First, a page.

Although most flowering plants are highly valued for their attractive fresh blooms, a few have gained popularity for other purposes. In this guide, I’ll run through everything you need to know about Honesty flower (Lunaria annua) meaning, symbolism, and cultural significance in the language of flowers.
History and Origins of Honesty Flowers
Honesty flower (Lunaria annua) is a fast-growing herbaceous biennial known by many other names such as Moonwort, Dollar Plant, Silver Dollar, Honesty, Money Plant, and Lunaria.
Though known popularly for their fruits and seed pods, these plants’ flowers are prized as much for their attractive blooms. Each raceme flower blooms in mid-late spring to early summer, showcasing four petals in pink or deep purple to white shades.
The Meaning & Symbolism of Honesty Flowers
The genus name Lunaria originates from the Latin word luna, which translates to “moon” or “moon-shaped”. It refers to the shape of the seed pods.
It was believed to be coined “honesty” during the 16th century. While honesty flowers are known as silver dollars or Chinese coins, particularly in the United States, it is also referred to as the money plant in Southeast Asia.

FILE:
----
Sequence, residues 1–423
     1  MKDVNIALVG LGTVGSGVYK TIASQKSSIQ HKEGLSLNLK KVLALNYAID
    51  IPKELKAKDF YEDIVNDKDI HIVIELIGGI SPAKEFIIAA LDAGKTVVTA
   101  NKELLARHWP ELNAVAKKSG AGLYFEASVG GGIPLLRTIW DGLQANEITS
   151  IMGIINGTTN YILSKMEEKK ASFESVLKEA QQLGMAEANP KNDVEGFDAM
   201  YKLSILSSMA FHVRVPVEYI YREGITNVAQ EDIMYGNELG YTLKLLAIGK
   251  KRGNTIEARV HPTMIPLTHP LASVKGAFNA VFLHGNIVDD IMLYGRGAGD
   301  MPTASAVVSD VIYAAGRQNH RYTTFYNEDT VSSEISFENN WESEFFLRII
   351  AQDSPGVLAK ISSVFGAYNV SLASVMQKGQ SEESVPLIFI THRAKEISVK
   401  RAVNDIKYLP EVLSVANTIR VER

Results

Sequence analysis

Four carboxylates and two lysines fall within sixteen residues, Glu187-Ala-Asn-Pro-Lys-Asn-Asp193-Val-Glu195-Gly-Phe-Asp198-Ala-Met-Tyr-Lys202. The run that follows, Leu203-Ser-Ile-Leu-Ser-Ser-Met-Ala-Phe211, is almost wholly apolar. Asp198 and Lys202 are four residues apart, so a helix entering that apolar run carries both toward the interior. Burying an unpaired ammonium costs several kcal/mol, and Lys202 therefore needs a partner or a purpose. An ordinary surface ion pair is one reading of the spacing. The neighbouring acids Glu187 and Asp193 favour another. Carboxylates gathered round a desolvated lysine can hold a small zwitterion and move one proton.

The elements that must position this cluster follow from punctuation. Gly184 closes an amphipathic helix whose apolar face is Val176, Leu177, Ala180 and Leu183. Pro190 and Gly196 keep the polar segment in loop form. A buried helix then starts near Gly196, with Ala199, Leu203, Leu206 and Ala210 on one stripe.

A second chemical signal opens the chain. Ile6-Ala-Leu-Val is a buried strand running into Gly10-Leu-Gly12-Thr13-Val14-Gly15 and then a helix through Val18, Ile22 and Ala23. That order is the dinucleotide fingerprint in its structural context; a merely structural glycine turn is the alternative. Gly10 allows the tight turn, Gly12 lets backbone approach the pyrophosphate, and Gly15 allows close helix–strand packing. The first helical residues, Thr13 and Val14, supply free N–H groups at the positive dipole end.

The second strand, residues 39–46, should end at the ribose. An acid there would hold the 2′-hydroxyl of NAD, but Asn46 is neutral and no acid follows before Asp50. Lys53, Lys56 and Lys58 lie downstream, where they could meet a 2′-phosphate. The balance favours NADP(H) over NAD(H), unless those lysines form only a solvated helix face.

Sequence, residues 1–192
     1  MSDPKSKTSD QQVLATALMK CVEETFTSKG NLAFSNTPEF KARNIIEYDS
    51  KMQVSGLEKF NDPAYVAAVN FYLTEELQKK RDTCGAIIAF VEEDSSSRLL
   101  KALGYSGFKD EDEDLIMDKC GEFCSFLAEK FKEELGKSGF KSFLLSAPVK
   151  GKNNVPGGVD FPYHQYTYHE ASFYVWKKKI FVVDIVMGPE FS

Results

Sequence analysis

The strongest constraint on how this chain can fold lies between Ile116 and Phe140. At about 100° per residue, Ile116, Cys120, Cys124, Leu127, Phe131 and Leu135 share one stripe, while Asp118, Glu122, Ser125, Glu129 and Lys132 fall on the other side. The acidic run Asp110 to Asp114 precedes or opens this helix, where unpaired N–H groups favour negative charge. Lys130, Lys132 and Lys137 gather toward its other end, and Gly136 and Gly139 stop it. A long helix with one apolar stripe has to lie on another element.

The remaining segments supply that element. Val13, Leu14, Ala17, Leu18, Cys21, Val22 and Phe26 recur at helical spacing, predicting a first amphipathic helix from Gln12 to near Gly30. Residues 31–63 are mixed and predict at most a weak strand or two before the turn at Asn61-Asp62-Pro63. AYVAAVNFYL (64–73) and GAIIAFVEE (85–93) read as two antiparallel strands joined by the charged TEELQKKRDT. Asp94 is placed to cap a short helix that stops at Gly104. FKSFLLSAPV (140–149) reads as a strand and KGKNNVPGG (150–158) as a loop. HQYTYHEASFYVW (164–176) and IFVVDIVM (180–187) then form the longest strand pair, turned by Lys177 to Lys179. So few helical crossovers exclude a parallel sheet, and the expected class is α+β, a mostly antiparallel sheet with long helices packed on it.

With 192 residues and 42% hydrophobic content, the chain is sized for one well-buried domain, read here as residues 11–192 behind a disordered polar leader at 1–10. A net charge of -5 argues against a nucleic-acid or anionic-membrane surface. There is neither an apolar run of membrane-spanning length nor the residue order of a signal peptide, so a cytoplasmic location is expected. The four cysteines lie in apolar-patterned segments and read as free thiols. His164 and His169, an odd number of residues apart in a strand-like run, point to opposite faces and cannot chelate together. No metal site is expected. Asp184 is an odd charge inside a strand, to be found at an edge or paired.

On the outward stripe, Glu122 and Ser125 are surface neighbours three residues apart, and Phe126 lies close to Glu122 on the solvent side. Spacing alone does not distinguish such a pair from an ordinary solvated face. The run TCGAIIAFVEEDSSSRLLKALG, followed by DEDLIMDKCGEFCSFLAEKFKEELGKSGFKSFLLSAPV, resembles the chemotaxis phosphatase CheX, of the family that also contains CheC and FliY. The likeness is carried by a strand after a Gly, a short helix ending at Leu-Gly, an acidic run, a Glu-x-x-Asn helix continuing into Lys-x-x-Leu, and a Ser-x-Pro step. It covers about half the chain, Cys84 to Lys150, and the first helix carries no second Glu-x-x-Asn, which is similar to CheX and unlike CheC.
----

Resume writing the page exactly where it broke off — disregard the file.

Because of its seed pods’ silvery coin-like appearance, these plants are called “Pope’s money” in France or “papal coins” generally in Europe. In Denmark, honesty flowers are known as the “coins of Judas” or judaspenge, referring to the popular tale of Judas Iscariot and the price he paid for betraying Jesus.
Honesty Flowers in Floriography
The name “honesty flowers” itself is a giveaway regarding this plant’s meaning in the language of flowers, as it represents honesty. Other meanings of the plant include sincerity and wealth or money.
In folklore, honesty flowers are used in spells to protect against monsters and to attract prosperity.
Honesty Flowers Guide: Wrapping Up
With the attractive, one-of-a-kind seed pods being the key feature of honesty flowers, it is no doubt that this plant is like no other ornamental plant. The beautiful and fragrant flowers, rich in symbolic meaning, sure add value to gardens or floral arrangements, either fresh or dried, but the silvery coin-like seed pods are another winning feature.